Prior to the pandemic, virtually visiting a healthcare professional may have felt subpar to seeing them in-person. But after a year of conducting sessions online, it turns out that virtual therapy is anything but subpar. Study after study shows that the benefits of virtual care are equal to (and in some ways, better than — hello, no traffic!) those of in-person care. In light of such findings, Georgetown Psychology will continue to offer virtual sessions to clients, even as more and more of the population becomes vaccinated. 

I had the pleasure of hearing from seven of the GP psychologists about what they’ve experienced this past year. Here’s what they said about the benefits, surprises, and future of online therapy. 

Q: What is the best thing about conducting sessions virtually? 

Jillian Egan: Efficiency! Virtual therapy is extremely efficient compared to the pre-pandemic commute from their office to our GT office. Oftentimes, clients were late to a session due to traffic. Virtually, they are rarely late. There is also less stress coming into a session, which helps the client remain focused and present during the entire session.  

Anna Passyn: For adult clients, the ease of online therapy is a real benefit — it means less stress, such as from scheduling and traffic. For the younger set, they are able to share things, like items from their homes and rooms, with the therapist and that can serve as an ice breaker or a different way to connect with the therapist.

Samantha Congdon: It is really quite stress free — you do not have to rush to get to the session or worry about being late. You get to show up how you are in the comfort of your own home. 

Diana Dinescu: Access is, in my opinion, the best thing about virtual visits. Patients can take lunch break and find a private space (which can even be their car) to have this time for themselves without having to miss any work. The lower time commitment gives them the freedom to imagine that taking care of themselves is possible even when they have a full schedule. 

Q: What has been the most surprising benefit of virtual therapy? What is something that has come out of virtual sessions that you didn’t expect? 

Jillian Egan: The most surprising benefit of virtual therapy with adults is that there are fewer distractions. For example, pre-pandemic, clients’ phones often interrupted sessions. Virtually, that has never happened, which is surprising! Now, a pet interruption is a different story… but those are welcomed. 

Dale Sorcher: For me, especially with children, teletherapy enabled me to move out of my comfort zone and be more creative in my work, outside of what was usually available in my office.

Antione Trowers: No Travel time, no waiting rooms, a lot of privacy. People can access things in their home to reference, [such as] pictures and memorable items. I’ve met people’s families — kids, spouses, and pets — impromptu. It’s nice to meet clients and see things that are important to them. 

Samantha Congdon: When working with children I have been given the gift of doing virtual play therapy in their room. We can create safe places, use their stuffed animals to help us teach therapeutic coping skills. 

Diana Dinescu: Adolescents find it easier to discuss difficult topics earlier because they are in their safe space. It also gives us something easy and engaging to talk about early in our relationship, which helps build therapeutic rapport sooner.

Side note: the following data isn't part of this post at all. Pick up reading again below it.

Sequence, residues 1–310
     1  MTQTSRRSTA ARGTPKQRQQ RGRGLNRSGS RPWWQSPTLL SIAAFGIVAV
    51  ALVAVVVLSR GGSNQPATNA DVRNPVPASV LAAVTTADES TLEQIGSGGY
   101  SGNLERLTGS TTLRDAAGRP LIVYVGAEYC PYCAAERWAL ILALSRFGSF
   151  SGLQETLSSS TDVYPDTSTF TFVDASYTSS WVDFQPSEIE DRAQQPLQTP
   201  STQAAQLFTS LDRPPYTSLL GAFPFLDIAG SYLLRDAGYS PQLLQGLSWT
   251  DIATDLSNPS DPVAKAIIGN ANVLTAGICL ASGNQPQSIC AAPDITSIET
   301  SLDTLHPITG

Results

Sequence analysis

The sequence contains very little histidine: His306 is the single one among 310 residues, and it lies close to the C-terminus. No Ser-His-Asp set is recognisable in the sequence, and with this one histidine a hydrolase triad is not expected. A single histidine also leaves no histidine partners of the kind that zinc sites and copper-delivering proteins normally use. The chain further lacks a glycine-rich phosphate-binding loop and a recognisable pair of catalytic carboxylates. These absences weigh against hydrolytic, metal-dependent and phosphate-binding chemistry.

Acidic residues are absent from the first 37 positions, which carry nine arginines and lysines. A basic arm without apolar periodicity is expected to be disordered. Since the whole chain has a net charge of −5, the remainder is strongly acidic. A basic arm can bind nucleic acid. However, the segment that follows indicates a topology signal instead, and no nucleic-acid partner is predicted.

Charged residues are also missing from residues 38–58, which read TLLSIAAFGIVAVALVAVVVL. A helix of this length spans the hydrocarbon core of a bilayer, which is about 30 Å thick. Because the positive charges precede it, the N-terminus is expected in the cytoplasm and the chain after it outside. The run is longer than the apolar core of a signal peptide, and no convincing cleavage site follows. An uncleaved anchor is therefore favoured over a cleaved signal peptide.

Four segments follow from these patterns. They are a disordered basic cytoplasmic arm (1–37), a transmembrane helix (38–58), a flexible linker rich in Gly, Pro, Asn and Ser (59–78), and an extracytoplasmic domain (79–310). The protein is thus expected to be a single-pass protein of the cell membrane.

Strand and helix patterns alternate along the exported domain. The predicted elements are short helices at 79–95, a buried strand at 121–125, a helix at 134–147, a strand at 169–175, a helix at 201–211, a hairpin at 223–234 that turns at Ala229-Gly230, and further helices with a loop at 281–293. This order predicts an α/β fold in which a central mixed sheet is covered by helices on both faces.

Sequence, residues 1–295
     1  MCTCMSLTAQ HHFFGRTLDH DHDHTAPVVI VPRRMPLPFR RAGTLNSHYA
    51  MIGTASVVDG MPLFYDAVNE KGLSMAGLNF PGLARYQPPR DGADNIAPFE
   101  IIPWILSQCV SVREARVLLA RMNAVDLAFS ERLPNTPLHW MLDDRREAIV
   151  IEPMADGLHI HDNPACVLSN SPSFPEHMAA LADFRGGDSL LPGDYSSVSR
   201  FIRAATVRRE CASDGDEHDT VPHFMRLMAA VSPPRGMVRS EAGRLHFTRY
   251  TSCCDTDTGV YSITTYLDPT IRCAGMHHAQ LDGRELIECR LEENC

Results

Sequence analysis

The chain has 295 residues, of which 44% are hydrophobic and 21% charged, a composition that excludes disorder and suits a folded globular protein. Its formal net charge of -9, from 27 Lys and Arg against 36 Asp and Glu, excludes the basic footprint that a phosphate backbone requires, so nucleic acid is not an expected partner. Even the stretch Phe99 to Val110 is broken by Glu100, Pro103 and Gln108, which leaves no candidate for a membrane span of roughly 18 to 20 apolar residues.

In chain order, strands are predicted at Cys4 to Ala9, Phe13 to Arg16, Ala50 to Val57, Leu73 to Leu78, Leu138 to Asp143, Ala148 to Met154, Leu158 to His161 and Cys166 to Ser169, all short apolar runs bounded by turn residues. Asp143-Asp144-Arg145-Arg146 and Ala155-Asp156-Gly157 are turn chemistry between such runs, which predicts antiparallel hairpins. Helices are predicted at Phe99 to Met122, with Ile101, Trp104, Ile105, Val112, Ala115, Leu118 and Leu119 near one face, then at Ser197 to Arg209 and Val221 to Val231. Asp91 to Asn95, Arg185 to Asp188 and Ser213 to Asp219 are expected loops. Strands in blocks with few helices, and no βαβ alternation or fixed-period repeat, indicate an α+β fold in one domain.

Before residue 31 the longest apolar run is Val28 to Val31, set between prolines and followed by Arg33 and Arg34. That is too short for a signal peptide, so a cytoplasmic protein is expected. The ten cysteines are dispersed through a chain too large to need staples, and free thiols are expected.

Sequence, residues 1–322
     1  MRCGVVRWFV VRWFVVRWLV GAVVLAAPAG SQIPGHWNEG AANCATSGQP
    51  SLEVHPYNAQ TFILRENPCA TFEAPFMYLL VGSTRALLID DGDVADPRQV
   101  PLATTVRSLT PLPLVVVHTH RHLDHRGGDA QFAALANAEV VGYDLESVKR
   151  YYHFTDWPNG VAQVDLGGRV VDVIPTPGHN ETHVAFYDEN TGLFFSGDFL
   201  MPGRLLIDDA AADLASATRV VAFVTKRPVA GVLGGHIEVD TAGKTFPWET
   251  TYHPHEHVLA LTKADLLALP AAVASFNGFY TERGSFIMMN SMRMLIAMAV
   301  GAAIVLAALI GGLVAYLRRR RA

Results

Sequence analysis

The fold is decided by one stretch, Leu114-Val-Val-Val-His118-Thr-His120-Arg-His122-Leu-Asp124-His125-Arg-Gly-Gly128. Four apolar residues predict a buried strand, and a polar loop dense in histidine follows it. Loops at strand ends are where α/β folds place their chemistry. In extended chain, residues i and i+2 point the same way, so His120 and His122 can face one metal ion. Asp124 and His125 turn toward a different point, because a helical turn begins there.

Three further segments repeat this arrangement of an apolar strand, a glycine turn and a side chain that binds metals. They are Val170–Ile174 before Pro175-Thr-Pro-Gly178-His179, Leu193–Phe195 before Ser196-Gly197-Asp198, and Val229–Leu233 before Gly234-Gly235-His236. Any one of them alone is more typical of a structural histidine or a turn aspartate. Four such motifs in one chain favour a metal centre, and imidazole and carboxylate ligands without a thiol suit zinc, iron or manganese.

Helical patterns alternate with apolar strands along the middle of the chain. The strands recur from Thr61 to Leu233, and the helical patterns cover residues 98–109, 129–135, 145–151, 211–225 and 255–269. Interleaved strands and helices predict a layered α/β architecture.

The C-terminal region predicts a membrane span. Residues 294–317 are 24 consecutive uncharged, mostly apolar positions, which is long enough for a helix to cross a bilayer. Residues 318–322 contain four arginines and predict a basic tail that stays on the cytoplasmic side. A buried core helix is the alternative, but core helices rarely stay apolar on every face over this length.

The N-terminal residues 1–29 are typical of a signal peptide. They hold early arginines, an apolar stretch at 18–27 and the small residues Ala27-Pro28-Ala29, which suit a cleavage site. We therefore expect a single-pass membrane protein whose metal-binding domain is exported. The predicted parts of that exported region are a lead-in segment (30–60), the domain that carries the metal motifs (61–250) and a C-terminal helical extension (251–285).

Q: What advice would you give to someone who is wary to try virtual therapy or teletherapy?

Anna Passyn: Think about why you are wary. Is there a privacy concern at home?  Do you think it won’t be as helpful as in person? Then, you’ll be able to figure out which concerns you can address on your own, like finding a different location from which to access the session, and which you can talk with your therapist about, like the effectiveness of online versus in person therapy.

Antione Trowers: Give it shot ….it may surprisingly be comfortable and convenient. 

Bryce Gold: Some people were concerned initially about privacy, especially living with others. This was easy to fix with sound machines, earbuds, or finding a private location. Our video sessions also have a chat feature or a whiteboard so if something needs to be more discrete, it can always be typed into the chat room or drawn on a whiteboard to avoid eavesdropping ears.

Samantha Congdon: For parents with children, [know that] your child is more fluent in technology than many of us assumed. Teletherapy for kids can be very beneficial. All you need is a computer, a note pad, and some coloring utensils, the therapist can do the rest. As for teens or young adults, come as you are. Your therapist is here to work with you, on finding a time that best suits you (a.k.a. when your roommate or family is out of the house). It is just like a regular session, without the rush. 

Diana Dinescu: The essence of therapy, which is the human connection and relationship, remains unchanged, and research has shown that teletherapy is an effective way to address and alleviate presenting concerns. My advice would be to try it, as the risk is even lower than in person: if you don’t like it or choose not to continue, you didn’t have to spend too much time (or get stuck in traffic) to find out.

Of course, virtual therapy is different from the in-person option and the field of psychology is still learning a lot about the best ways to provide healthcare via this new medium. If you miss the familiarity of interacting with someone in the same room, rest assured that we are slowly — with safety in mind — transitioning back to in-person interactions. Contact Georgetown Psychology to find a healthcare provider who has resumed in-person care, a service we are proud and excited to offer.

Click here to learn more about each GP practitioner you’ve heard from today!